Exponential Water Uptake in Ionomer Membranes Results from Polymer Plasticization
A. Barnett, J. J. Karnes, J. Lu, D. R. Major Jr., J. S. Oakdale, K. N. Grew, J. P. McClure, V. Molinero, Macromolecules, 55, 6762–6774 (2022).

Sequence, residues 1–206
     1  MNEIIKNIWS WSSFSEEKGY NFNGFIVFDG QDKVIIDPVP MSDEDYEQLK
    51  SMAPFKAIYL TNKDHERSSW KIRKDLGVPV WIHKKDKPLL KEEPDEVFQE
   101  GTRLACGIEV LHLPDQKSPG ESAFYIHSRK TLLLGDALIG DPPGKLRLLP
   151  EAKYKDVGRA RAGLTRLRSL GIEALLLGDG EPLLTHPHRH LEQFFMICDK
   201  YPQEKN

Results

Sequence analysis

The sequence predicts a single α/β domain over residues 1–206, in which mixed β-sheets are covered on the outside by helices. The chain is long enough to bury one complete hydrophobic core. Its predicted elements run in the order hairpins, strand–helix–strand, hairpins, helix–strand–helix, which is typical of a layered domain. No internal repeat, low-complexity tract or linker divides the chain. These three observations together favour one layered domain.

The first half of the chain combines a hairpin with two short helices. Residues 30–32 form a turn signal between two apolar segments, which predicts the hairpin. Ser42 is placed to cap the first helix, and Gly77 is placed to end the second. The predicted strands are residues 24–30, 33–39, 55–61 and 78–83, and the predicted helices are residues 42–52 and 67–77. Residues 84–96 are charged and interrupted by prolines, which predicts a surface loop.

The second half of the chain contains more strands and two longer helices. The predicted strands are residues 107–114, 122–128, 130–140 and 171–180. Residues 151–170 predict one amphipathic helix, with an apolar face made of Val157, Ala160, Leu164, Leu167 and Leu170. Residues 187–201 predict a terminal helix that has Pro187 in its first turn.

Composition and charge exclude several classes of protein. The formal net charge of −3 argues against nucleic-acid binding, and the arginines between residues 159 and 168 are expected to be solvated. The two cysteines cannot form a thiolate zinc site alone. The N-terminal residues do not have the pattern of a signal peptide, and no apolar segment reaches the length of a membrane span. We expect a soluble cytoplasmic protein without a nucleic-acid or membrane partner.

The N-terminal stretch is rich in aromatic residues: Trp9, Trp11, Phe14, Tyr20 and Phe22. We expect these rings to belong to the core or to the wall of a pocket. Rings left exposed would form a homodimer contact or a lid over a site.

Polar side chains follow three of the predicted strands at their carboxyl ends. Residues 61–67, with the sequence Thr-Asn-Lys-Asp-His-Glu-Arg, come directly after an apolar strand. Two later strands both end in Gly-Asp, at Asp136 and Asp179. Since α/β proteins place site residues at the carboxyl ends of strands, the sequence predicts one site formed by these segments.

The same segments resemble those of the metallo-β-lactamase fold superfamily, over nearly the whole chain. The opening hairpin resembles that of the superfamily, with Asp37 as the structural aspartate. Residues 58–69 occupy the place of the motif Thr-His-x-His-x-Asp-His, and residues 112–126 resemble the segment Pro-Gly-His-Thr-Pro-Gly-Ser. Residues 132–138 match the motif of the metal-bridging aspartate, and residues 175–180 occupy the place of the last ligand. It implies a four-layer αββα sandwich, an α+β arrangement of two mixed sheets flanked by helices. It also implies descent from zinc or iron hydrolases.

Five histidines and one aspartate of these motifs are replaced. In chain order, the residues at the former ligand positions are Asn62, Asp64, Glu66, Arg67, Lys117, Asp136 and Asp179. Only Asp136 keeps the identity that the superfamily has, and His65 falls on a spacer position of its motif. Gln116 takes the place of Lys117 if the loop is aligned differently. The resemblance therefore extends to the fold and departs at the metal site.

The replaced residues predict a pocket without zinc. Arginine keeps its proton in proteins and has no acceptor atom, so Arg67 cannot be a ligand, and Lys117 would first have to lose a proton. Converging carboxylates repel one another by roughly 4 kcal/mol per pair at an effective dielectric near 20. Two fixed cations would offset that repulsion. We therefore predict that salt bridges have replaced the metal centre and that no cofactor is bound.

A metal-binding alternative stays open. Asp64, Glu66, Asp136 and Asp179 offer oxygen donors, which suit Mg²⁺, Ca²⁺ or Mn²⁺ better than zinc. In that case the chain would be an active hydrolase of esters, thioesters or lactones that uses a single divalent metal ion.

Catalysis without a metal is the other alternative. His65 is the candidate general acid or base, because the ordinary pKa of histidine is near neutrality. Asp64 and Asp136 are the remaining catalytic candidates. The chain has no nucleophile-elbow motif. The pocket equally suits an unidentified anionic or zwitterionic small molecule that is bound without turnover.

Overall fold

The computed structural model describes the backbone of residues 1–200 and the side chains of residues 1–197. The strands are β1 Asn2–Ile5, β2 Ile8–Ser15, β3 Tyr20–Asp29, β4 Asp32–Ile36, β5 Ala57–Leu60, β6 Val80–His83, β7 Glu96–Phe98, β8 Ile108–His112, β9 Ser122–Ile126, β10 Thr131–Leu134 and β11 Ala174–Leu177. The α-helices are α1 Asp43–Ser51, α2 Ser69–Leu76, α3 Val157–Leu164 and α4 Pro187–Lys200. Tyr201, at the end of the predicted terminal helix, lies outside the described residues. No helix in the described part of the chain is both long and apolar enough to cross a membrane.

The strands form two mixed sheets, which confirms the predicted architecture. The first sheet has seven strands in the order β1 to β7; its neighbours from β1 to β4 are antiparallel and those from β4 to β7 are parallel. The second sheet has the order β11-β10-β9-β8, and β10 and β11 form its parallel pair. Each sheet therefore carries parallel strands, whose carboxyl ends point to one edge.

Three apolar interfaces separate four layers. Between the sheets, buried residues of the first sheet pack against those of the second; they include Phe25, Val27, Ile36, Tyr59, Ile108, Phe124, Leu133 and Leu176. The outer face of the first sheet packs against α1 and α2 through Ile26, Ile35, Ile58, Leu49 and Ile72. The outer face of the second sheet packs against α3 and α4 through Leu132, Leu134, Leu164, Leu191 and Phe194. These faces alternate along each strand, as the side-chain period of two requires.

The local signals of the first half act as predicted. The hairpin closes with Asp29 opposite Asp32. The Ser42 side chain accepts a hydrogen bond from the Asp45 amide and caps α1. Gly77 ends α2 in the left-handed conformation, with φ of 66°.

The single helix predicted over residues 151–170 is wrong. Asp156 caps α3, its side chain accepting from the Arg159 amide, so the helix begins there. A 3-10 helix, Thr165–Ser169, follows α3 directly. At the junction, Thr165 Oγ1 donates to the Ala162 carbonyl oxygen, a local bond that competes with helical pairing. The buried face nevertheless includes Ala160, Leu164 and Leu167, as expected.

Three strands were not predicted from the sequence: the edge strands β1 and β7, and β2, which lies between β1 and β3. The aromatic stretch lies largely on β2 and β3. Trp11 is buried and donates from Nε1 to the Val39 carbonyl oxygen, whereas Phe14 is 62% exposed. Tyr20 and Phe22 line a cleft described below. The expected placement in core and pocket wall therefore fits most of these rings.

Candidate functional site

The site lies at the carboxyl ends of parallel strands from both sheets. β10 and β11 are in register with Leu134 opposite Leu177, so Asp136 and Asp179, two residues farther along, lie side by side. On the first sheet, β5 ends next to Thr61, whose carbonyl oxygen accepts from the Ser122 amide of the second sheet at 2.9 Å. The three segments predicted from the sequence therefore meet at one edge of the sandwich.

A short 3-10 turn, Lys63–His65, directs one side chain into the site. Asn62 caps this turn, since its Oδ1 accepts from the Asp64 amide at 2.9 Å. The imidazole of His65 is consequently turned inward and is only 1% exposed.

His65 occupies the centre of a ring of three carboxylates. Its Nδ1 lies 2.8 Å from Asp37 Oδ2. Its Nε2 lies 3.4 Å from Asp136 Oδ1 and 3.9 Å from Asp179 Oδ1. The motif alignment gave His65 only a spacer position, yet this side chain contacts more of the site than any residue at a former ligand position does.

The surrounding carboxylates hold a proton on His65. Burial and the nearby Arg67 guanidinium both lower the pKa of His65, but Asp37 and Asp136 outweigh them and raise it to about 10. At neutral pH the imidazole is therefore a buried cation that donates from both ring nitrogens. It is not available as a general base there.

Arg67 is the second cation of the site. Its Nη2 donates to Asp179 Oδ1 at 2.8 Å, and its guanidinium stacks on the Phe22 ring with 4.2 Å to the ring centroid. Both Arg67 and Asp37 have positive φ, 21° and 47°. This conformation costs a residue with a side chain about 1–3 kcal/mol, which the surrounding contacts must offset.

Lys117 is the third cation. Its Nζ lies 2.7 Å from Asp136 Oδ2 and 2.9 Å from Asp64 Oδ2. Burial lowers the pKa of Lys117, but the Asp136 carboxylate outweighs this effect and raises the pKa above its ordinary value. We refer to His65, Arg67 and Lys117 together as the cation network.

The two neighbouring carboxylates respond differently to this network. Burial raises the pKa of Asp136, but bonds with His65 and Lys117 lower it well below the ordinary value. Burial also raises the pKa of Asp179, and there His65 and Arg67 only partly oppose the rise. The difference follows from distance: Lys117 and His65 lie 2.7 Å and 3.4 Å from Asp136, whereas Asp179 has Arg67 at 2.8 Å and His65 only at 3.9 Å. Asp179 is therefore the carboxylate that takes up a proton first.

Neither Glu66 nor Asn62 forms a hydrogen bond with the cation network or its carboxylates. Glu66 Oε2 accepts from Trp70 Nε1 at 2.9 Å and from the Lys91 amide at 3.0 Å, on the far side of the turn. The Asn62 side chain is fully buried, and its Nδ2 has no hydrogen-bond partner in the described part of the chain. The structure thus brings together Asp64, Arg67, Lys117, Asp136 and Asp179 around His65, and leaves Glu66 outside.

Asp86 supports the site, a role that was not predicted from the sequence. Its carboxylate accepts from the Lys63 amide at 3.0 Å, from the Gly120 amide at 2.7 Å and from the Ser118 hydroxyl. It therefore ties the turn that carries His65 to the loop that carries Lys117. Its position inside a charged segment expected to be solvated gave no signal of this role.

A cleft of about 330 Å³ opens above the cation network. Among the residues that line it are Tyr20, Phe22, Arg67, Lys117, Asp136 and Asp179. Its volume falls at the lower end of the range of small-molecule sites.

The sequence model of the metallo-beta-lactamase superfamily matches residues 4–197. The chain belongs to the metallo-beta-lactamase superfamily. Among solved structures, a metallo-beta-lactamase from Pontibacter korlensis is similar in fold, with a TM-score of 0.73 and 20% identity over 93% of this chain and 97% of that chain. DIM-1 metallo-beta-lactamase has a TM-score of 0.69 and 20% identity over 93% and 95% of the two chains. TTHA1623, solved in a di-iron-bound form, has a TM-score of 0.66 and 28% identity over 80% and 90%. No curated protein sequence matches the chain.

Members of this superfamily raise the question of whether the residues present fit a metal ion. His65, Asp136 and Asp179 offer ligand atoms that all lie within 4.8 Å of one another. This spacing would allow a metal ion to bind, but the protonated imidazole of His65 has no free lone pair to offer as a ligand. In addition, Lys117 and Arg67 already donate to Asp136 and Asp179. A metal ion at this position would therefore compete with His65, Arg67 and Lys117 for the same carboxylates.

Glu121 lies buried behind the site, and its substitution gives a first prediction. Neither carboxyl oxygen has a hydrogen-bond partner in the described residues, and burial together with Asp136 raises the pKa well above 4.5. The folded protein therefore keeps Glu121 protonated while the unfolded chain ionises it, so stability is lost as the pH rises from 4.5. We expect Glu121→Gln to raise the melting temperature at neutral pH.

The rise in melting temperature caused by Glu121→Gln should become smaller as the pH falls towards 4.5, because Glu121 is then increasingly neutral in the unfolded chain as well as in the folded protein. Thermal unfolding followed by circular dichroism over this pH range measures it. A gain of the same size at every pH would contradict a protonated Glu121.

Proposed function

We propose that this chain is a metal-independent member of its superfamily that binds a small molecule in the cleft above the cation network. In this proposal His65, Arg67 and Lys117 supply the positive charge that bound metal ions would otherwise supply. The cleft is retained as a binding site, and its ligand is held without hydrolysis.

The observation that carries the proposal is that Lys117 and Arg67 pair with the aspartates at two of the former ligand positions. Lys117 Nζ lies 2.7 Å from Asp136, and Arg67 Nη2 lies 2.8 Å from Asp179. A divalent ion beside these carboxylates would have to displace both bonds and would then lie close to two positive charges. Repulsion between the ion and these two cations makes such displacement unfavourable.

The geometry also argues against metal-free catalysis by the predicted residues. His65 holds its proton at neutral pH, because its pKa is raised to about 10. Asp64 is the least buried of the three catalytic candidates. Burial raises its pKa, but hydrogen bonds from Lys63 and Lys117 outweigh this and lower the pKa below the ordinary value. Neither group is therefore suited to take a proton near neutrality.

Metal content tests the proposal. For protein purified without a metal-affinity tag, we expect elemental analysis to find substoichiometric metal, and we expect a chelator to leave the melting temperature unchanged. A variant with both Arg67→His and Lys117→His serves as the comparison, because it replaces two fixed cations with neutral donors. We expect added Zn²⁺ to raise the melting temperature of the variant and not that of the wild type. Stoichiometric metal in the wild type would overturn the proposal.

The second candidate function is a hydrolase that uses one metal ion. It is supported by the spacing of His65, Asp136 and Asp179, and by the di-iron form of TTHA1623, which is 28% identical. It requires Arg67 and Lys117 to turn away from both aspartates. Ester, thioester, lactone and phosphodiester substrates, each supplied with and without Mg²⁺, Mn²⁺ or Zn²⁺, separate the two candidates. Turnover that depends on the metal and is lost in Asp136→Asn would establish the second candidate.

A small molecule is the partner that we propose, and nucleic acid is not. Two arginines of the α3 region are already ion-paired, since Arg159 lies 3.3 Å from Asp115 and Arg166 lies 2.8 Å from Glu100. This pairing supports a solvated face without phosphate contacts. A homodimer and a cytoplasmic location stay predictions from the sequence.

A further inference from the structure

Water content is the most influential factor in the performance of ion-exchange membranes (IEMs), controlling their mechanical rigidity, ionic conductivity, and degradation rates. Membranes absorb water exponentially at high water activity (aw), making that region of the sorption isotherm the most influential on membrane properties. Plasticization of the polymer by water has been proposed to cause this exponential uptake at high aw. However, an integrated microscopic picture of the structure, thermodynamic, and mechanical properties of IEMs as a function of aw has remained elusive. Here, we use large-scale molecular simulations validated with experimental measurements to compute the sorption isotherms, Young’s modulus, polymer dynamics, and structure of IEMs. The simulations unveil that the exponential increase in water uptake (WU) coincides in all cases with the glass to rubber transition of the membrane, as measured through its Young’s modulus and segmental polymer dynamics. Functionalization of the polymer with alkyl groups further contributes to its plasticization, increasing the WU at a given aw and ion-exchange capacity (IEC). The alkyl chains act synergistically with water to plasticize the polymer matrix and allow water penetration in the membrane. The simulations reveal that the width of the water channels depends on the ratio λ of water to ions in the polymer but is independent of its IEC. We conclude that differences in the polymer matrix─not the water channels─are responsible for the distinct uptake response of IEMs to the thermodynamic driving force of water activity.
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